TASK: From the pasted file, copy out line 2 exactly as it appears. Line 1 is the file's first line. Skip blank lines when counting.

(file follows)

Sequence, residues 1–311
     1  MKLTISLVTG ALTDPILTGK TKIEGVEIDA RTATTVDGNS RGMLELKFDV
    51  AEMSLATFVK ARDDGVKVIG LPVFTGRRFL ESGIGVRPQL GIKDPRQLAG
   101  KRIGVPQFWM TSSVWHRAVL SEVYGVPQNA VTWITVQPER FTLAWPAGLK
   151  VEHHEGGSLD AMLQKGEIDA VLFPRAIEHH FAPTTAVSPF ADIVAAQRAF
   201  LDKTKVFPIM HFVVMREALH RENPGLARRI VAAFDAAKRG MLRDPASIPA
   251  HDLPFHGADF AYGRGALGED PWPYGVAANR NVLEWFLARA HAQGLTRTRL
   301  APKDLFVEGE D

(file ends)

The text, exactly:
     1  MKLTISLVTG ALTDPILTGK TKIEGVEIDA RTATTVDGNS RGMLELKFDV